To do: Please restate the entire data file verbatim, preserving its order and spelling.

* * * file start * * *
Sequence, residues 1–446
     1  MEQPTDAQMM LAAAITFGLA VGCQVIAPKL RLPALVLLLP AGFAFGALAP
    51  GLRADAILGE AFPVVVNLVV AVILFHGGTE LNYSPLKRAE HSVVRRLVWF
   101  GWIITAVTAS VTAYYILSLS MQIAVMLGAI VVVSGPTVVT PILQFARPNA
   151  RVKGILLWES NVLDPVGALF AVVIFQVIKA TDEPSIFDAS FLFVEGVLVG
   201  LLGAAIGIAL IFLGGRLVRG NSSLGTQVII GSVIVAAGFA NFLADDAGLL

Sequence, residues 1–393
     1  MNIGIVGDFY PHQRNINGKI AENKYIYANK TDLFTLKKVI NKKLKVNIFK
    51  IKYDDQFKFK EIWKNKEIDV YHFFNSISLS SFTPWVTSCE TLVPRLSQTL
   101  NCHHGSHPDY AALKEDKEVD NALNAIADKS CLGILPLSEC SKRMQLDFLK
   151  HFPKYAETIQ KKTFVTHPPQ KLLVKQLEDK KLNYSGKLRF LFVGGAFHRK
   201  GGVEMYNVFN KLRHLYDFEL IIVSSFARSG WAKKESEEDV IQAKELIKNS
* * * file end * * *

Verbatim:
Sequence, residues 1–446
     1  MEQPTDAQMM LAAAITFGLA VGCQVIAPKL RLPALVLLLP AGFAFGALAP
    51  GLRADAILGE AFPVVVNLVV AVILFHGGTE LNYSPLKRAE HSVVRRLVWF
   101  GWIITAVTAS VTAYYILSLS MQIAVMLGAI VVVSGPTVVT PILQFARPNA
   151  RVKGILLWES NVLDPVGALF AVVIFQVIKA TDEPSIFDAS FLFVEGVLVG
   201  LLGAAIGIAL IFLGGRLVRG NSSLGTQVII GSVIVAAGFA NFLADDAGLL

Sequence, residues 1–393
     1  MNIGIVGDFY PHQRNINGKI AENKYIYANK TDLFTLKKVI NKKLKVNIFK
    51  IKYDDQFKFK EIWKNKEIDV YHFFNSISLS SFTPWVTSCE TLVPRLSQTL
   101  NCHHGSHPDY AALKEDKEVD NALNAIADKS CLGILPLSEC SKRMQLDFLK
   151  HFPKYAETIQ KKTFVTHPPQ KLLVKQLEDK KLNYSGKLRF LFVGGAFHRK
   201  GGVEMYNVFN KLRHLYDFEL IIVSSFARSG WAKKESEEDV IQAKELIKNS